Monday, February 14, 2011

Reviewing the Mail: Week of 2/12

Welcome to Monday once again; below are the books that arrived in my mailbox last week, which I'm now going to tell you a little about. I haven't read any of them yet, so I may well be wrong on certain nitpicky details, but I'll tell you what I can.

Leading off this time is Carolyn Turgeon's novel Mermaid -- subtitled "A Twist on the Classic Tale" -- coming from Broadway Books as a trade paperback on March 1st. That "classic" tale alluded to in the subtitle is, of course, Hans Christian Andersen's, but Turgeon's version looks to spend equal time, and sympathy, with the transformed mermaid herself and with her rival for the prince's attention. (And he's called a "wounded warrior" on the back cover, which is rather more contemporary and on-the-nose than I'd expect for a fairy-tale retelling.) This is Turgeon's third novel, after Rain Village and Godmother: The Secret Cinderella Story -- so I suspect she's done the rewritten-fairy-tale thing at least once before.

To shift gears entirely, next is a translated graphic novel, Hagakure: The Code of the Samurai. Hagakure was originally a treatise about the life and purpose of a samurai -- told as a series of stories imparted by a wise older samurai to a young man -- dictated by the 17th century Japanese samurai-turned-Zen-priest Yamamoto Tsunetomo, and has had a long life, both in Japan and in various translations worldwide. This manga version is based on the recent William Scott Wilson translation of Hagakure, and has been adapted into comics form by Sean Michael Wilson (no direct relation to William Scott Wilson, amusingly enough) and illustrated by Chie Kutsuwada. (The creative team behind The Story of Lee, in fact, which I reviewed a couple of months ago.) Hagakure was published by Kodansha America -- the local offshoot of a major Japanese publishing house -- in January.

I saw a "blad" -- pre-publication pamphlet of sample pages -- for Doug Savage's cartoon book Savage Chickens a few months back, but now the book itself is in front of me. It looks like one of those great single-idea funny books -- like 1001 Uses for a Dead Cat or Truly Tasteless Jokes -- that I've always loved; it's a work-life-is-hell collection of single-page cartoons, in which all of the characters are chickens. (Though I thought that kind of book was semi-dead these days; they tend to rely on impulse purchases, so they're strongly affected by store traffic -- and traffic at the retail level has been way down.) However, Savage Chickens was a blog before it was a book, so I can hope that Savage has an audience that will seek this out. I want to see more books like this -- publishing can't be all serious, all the time -- so good luck to him. Savage Chickens, the book, is being published in trade paperback by Perigee at the beginning of March.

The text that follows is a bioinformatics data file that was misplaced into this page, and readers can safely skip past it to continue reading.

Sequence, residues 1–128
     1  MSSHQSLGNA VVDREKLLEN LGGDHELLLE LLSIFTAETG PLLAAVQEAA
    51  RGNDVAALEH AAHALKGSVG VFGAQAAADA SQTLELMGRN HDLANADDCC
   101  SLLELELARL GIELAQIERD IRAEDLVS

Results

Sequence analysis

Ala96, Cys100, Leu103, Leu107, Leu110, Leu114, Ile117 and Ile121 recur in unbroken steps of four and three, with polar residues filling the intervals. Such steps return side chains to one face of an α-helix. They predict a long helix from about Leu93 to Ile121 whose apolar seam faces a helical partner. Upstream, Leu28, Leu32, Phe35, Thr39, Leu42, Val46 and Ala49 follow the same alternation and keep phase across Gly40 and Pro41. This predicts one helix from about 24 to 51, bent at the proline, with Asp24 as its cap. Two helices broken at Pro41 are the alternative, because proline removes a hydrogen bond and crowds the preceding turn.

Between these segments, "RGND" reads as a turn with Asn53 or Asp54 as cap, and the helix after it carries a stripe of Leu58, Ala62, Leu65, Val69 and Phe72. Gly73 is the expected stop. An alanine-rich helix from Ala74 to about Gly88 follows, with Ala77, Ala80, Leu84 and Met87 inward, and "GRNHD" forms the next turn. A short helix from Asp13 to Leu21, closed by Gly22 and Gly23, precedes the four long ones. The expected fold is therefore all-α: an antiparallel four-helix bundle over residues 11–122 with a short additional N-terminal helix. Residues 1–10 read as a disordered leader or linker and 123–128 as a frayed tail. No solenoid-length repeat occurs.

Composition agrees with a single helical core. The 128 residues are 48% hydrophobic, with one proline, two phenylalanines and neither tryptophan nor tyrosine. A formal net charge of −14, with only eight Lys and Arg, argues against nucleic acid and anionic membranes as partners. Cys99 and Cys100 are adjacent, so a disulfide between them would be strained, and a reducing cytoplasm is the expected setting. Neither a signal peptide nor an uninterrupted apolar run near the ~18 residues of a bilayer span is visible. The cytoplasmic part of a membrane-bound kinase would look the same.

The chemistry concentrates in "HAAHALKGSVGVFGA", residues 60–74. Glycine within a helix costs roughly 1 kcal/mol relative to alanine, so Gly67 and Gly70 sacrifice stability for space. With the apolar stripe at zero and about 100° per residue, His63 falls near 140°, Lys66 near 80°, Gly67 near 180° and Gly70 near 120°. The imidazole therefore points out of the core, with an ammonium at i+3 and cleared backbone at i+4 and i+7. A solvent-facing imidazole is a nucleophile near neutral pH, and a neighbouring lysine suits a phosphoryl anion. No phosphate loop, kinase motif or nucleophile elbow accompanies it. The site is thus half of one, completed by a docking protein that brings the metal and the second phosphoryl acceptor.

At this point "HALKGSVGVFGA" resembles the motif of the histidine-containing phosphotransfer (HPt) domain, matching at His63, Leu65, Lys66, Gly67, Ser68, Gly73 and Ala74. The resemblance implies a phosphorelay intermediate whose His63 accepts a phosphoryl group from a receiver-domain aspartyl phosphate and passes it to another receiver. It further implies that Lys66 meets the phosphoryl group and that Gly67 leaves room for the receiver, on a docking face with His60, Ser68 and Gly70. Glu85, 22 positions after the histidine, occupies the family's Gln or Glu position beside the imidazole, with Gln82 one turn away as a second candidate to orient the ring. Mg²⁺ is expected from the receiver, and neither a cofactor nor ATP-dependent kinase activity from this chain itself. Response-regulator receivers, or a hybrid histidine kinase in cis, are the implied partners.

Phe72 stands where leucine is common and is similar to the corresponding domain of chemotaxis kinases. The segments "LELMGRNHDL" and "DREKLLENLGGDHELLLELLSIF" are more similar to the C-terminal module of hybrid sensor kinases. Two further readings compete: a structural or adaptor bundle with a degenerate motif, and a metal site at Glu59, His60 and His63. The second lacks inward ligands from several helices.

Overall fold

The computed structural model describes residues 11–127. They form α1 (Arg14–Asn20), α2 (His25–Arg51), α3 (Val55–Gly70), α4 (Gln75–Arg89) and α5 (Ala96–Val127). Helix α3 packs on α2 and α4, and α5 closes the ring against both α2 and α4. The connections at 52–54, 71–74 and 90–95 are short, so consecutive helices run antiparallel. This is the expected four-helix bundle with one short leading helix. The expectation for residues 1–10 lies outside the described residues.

DAW Books publish three mass-market paperbacks a month, come hell or high water, and I respect the hell out of them for that kind of old-school gumption. One of those is almost always an anthology of brand-new stories on some kind of theme, packaged by Martin H. Greenberg's Tekno Books and featuring a dozen or so stories from a wide range of authors. The book in that slot this month -- this month being "March," since books need to have time to actually get to stores -- is After Hours: Tales from the Ur-Bar, which was edited by Joshua Palmatier and Patricia Bray. It has fifteen new SFF bar stories -- about magical drinking establishments in all times and places -- from writers including S.C. Butler, Anton Strout, Juliet E. McKenna, Laura Anne Gilman, and Maria V. Snyder.

DAW's March list also contains a paperback reprint of the most recent Darkover novel, Hastur Lord, which was originally published in hardcover last year and is credited to the late Marion Zimmer Bradley and Deborah J. Ross.

And last for this week -- and of DAW's paperback in March -- is Seanan McGuire's fourth "October Daye" novel, Late Eclipses. Since the first one, Rosemary and Rue, only came out in September of 2009, that's four full-length novels in barely a year and a half, which is really impressive. (So all of you fantasy fans who complain that your favorite writers are too slow should take a look at McGuire; she'll keep you busy for a while.) October Daye is McGuire's heroine, the requisite tough woman in a modern world filled with unexpected magic -- in this case, a half-fae changeling who works as a private eye and whose cases (and personal life) has more Faerie in it than she's comfortable or safe with. The series has been well-reviewed, but it's definitely piling up faster than I've been able to keep up with.

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